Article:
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Audubon’s Shearwater: The Mysterious Seabird of The Open Ocean

Audubon’s Shearwater, scientifically known as Puffinus lherminieri, is a medium-sized seabird that commonly breeds on offshore islands. This elegant bird is an expert at gliding over the ocean waves while searching for fish near the surface of the water.

Here is everything you need to know about Audubon’s Shearwater, including its identification, plumage, and molts.



Identification: When it comes to field identification, Audubon’s Shearwater has a distinct appearance that sets it apart from other shearwaters. It has a dark grey-brown upper body with a white throat, breast, and belly.

Its bill is black, and its legs and feet are pink. Audubon’s Shearwater also has a forked tail and long, narrow wings that enable it to fly for long distances with minimal effort.

Similar Species: Audubon’s Shearwater can sometimes be confused with other shearwaters that have a similar look to it. Cory’s Shearwater is one such species that can be difficult to distinguish from Audubon’s Shearwater because of their similar coloration.

However, Cory’s Shearwater has a more robust bill and a broader head. Other shearwaters like Great Shearwater, Sooty Shearwater, and Manx Shearwater can be distinguished from Audubon’s Shearwater by their unique plumage and flight characteristics.


Audubon’s Shearwater undergoes two plumage changes during its life cycle. Juvenile birds have a brownish-black upper body, with feathers edged in buffy-white coloration.

Underparts are creamy-white with delicate white barring across the upper chest area. The bill and feet are dark-colored.

Over time, the juveniles molt into an adult plumage. Adult birds have a dark grey-brown upper body with a white throat, breast, and belly.

The legs and feet are pink, and the bill is black. During breeding season, adults develop a ruff of elongated pale feathers on their throat and upper breast, which is thought to be used in courtship behavior.


Audubon’s Shearwater undergoes two molts each year. The pre-basic molt occurs after the breeding season, usually from July to September, where birds replace their feathers.

The second molt is the pre-alternate molt, which occurs in late winter or early spring, usually between January and April. During this molt, birds replace their feathers to prepare for the upcoming breeding season.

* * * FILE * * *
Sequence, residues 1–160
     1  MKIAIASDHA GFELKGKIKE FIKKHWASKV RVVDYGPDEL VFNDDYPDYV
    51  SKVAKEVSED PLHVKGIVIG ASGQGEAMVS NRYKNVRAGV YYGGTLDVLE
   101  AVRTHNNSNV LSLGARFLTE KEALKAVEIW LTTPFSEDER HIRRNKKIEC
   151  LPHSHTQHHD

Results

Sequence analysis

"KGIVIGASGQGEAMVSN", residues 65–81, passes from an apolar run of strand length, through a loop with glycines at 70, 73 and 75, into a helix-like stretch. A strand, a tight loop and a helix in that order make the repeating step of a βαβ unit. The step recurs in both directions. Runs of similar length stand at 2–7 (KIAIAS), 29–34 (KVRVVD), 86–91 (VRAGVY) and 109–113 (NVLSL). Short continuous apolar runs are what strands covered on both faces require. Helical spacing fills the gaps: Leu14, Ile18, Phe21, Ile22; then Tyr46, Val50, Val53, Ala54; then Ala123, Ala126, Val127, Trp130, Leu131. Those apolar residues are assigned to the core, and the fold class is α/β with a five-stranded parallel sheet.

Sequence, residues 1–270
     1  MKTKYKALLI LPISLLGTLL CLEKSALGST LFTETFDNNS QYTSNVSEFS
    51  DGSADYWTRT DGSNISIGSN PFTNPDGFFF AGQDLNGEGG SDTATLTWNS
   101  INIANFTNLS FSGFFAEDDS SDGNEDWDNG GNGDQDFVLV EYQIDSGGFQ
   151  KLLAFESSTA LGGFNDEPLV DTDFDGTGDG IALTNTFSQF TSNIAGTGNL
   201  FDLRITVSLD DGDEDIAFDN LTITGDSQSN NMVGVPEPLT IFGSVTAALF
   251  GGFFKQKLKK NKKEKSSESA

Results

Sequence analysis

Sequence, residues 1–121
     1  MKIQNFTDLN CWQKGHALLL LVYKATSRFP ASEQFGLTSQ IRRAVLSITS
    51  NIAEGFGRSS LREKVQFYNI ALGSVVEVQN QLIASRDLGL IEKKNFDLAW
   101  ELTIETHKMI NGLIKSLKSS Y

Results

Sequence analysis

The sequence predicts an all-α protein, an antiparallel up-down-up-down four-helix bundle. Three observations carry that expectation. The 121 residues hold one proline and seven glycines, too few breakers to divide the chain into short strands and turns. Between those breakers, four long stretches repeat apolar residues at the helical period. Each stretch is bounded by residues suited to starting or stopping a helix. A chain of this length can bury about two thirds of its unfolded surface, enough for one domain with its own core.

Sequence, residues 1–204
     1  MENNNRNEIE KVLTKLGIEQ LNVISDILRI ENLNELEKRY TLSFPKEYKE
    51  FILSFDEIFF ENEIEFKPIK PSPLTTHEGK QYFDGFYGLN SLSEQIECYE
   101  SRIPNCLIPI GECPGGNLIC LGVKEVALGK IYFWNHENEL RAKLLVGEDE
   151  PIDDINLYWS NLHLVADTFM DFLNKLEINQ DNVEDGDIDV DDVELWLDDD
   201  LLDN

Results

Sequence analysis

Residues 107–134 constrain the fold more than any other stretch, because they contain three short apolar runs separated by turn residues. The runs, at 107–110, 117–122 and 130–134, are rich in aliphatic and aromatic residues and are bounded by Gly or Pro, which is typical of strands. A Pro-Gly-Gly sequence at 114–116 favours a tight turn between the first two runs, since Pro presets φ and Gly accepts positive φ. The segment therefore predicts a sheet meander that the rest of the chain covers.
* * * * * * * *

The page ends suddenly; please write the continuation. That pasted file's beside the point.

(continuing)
Audubon’s Shearwater is a beautiful and fascinating bird that is well-suited for life on the open ocean. Its unique appearance, distinct plumage, and molting behavior make it a unique and interesting bird species to study.

With this guide, you should now be able to identify Audubon’s Shearwater and appreciate its spectacular features.

Systematics History

Audubon’s Shearwater, scientifically known as Puffinus lherminieri, belongs to the family Procellariidae, which comprises a group of seabirds that inhabit the world’s oceans. The species was first described by French ornithologist Louis Jean Pierre Vieillot in 1818, who named it after his friend and famous ornithologist John James Audubon.

Since its original description, the taxonomy of Audubon’s Shearwater has undergone many changes as new data insights became available.

Geographic Variation

Audubon’s Shearwater has a wide distribution range, and different populations exhibit varying levels of genetic differentiation due to geographic isolation and historical events. The species breeds on tropical and subtropical islands in the Caribbean, West Africa, the Indian Ocean, and the Pacific.

It also migrates over open water towards the eastern Pacific Ocean up to the western coast of South America.


Based on geographic variation, several subspecies of Audubon’s Shearwater were once recognized. However, subsequent mitochondrial DNA analyses have indicated that this variation is likely clinal, meaning that subtle genetic differences exist along a gradient without any clear boundary between populations.

Currently, the species is recognized as a single polytypic species without subspecies.

Related Species